As a graduate of the University of Iowa Law School, Chief Justice Moon was featured as one of the first alumni honorees in its Gallery of Honor display at the entrance of the Boyd Law Building (1999). In May 2001, Chief Justice Moon received an Honorary Doctor of Laws degree from Coe College in Cedar Rapids, Iowa. Chief Justice Moon also received the Hawaiʻi State Bar Association’s Golden Gavel Award (2001). In recognition of his longstanding contributions to the improvement of the justice system on the national level, Chief Justice Moon received the National Center for State Court (NCSC)’s 2003 Distinguished Service Award, one of the highest awards presented by the Center; an Honorary Doctor of Laws degree from Inha University (Incheon, Korea; October 2003); co-recipient of the Grand Prize Award given by Kyungmin Mission Schools (Korea, October 2003) for his dedication and efforts to the betterment of the international community; the Korean American Foundation Hawaii’s Light of the Orient award (January 13, 2008) in recognition of his accomplishments and contributions to the Korean community; the American Bar Association Pursuit of Justice Award (Tort Trial & Ins. Practice Section, 2006); the Filipino Community’s Pasuquinio Association of Hawaii’s award for exemplary service (August 2008); and the Order of Civil Merit “Moran Medal” presented by Korean Consul General Bong Joo Kim on behalf of the Korean Government (November 2008).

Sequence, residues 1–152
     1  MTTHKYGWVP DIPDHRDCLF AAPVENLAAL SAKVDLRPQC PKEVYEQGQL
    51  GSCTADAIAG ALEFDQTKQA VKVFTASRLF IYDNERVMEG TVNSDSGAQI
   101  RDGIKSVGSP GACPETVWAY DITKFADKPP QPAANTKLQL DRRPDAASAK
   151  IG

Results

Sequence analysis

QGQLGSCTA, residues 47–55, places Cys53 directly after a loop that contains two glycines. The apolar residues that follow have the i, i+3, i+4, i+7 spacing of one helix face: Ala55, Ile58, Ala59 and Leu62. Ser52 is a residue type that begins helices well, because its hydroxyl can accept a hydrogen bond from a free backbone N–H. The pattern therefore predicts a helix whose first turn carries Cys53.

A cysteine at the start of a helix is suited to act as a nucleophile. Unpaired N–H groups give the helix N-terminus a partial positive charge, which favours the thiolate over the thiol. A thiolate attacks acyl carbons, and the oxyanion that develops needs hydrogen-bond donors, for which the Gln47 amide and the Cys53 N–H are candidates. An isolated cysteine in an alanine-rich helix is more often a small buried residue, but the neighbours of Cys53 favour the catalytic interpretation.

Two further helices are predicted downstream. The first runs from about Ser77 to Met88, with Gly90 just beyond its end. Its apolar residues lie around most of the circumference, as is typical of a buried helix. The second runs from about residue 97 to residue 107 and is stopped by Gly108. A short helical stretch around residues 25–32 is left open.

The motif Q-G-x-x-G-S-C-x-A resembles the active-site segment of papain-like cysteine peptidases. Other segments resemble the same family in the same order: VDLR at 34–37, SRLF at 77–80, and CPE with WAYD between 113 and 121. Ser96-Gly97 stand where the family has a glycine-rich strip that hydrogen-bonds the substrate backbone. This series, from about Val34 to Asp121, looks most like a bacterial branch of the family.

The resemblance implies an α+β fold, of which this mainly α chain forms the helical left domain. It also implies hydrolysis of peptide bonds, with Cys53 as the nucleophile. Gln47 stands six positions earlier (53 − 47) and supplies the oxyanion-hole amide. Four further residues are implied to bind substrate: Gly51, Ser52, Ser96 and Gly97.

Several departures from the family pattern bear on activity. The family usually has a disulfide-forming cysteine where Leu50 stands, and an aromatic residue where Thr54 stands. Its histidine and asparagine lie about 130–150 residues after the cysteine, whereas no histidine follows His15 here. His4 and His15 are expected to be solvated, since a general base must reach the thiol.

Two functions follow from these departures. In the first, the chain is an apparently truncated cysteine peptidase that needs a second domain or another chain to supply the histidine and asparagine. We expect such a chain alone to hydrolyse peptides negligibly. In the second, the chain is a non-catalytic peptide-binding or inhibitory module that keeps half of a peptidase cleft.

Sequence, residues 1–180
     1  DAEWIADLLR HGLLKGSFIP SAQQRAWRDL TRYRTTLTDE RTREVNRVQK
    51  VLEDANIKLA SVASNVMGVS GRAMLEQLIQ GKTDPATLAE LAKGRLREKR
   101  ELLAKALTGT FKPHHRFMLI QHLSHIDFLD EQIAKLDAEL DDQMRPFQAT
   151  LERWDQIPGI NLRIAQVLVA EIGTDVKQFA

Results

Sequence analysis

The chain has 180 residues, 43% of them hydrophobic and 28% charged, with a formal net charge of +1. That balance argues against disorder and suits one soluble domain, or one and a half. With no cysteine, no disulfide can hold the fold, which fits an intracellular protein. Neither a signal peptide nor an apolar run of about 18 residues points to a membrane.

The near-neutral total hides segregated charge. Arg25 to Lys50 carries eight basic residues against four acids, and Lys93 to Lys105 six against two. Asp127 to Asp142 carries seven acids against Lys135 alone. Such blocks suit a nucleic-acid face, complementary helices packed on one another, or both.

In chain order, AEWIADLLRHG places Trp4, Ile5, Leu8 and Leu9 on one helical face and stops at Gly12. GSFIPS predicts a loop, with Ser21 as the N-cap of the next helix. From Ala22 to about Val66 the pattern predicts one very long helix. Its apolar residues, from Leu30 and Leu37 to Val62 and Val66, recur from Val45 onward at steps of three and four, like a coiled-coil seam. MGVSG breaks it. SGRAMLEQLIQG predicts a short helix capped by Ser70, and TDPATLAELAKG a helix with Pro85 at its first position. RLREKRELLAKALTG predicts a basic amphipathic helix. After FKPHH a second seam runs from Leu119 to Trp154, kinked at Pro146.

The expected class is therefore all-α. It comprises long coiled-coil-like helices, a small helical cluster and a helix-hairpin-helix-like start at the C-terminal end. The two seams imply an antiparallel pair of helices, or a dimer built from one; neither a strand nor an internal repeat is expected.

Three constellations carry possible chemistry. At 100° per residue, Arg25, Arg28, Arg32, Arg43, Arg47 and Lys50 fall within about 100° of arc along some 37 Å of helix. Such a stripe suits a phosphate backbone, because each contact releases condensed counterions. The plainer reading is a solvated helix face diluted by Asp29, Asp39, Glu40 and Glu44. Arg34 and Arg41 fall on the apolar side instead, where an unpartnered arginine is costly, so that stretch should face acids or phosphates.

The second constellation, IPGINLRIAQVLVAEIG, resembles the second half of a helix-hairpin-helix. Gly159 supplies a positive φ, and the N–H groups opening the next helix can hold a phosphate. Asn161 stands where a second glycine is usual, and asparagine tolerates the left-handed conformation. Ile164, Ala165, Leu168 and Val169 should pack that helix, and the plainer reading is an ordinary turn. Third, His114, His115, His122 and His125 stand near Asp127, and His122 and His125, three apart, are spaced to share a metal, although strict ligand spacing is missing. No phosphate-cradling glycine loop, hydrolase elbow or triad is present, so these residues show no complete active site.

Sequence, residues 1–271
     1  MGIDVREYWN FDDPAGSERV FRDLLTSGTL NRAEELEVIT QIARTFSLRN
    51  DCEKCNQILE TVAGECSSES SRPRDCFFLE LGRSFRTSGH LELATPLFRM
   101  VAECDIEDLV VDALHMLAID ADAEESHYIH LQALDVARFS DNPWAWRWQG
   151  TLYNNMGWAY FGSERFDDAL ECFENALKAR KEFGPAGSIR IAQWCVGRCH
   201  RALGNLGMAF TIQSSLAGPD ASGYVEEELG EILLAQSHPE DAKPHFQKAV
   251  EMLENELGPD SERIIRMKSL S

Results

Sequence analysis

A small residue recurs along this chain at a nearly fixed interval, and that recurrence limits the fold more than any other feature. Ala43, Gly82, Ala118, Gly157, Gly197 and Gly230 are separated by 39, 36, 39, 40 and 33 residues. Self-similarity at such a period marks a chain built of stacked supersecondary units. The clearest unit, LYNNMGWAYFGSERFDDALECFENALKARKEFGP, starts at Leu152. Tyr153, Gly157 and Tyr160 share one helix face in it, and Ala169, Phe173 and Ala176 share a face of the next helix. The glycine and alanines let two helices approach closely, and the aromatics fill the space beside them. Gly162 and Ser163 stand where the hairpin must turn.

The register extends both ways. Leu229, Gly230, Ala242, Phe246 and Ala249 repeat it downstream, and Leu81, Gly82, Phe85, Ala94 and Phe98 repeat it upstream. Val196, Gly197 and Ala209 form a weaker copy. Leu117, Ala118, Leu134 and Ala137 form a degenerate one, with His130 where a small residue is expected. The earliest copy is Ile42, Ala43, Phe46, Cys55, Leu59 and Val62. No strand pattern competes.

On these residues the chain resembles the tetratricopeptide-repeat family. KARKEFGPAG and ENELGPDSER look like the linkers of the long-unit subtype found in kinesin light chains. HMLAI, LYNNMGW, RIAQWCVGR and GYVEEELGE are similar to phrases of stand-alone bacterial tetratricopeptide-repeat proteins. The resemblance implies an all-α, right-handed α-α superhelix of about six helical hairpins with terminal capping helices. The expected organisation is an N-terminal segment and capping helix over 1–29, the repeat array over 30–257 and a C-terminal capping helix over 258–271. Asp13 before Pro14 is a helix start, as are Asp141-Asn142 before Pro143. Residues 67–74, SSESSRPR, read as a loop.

In August 2010, Chief Justice Moon received the NCSC’s Harry L. Carrico Award, which recognizes a sitting state chief justice “who has inspired, sponsored, promoted or led an innovation or accomplishment of national significance in the field of judicial administration.” In September 2010, the Hawaiʻi State Bar Association presented Chief Justice Moon with its President’s Award, which is bestowed upon an individual “whose extraordinary contributions and/or lifetime achievement best exemplify the mission statement of the Hawai‘i State Bar Association: To unite and inspire Hawai‘i’s lawyers to promote justice, serve the public, and improve the legal profession.” In October 2010, Chief Justice Moon was inducted into the Society of Legacy Honorees, having been selected as a Legacy Award recipient in the Judiciary category. Established in 2006, the Legacy Award is presented to individuals who have demonstrated personal successes and significant contributions in their professional field to the betterment of the community.